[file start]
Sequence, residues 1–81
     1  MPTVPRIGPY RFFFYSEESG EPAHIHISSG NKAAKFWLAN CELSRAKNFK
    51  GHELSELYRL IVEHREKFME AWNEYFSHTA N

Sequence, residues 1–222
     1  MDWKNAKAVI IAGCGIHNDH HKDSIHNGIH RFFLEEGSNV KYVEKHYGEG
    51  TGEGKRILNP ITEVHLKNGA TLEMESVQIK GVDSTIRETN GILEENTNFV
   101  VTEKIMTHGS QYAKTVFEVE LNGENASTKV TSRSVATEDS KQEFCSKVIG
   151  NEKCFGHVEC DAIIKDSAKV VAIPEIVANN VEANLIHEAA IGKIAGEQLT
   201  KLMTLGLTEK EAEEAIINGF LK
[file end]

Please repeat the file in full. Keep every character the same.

Sequence, residues 1–81
     1  MPTVPRIGPY RFFFYSEESG EPAHIHISSG NKAAKFWLAN CELSRAKNFK
    51  GHELSELYRL IVEHREKFME AWNEYFSHTA N

Sequence, residues 1–222
     1  MDWKNAKAVI IAGCGIHNDH HKDSIHNGIH RFFLEEGSNV KYVEKHYGEG
    51  TGEGKRILNP ITEVHLKNGA TLEMESVQIK GVDSTIRETN GILEENTNFV
   101  VTEKIMTHGS QYAKTVFEVE LNGENASTKV TSRSVATEDS KQEFCSKVIG
   151  NEKCFGHVEC DAIIKDSAKV VAIPEIVANN VEANLIHEAA IGKIAGEQLT
   201  KLMTLGLTEK EAEEAIINGF LK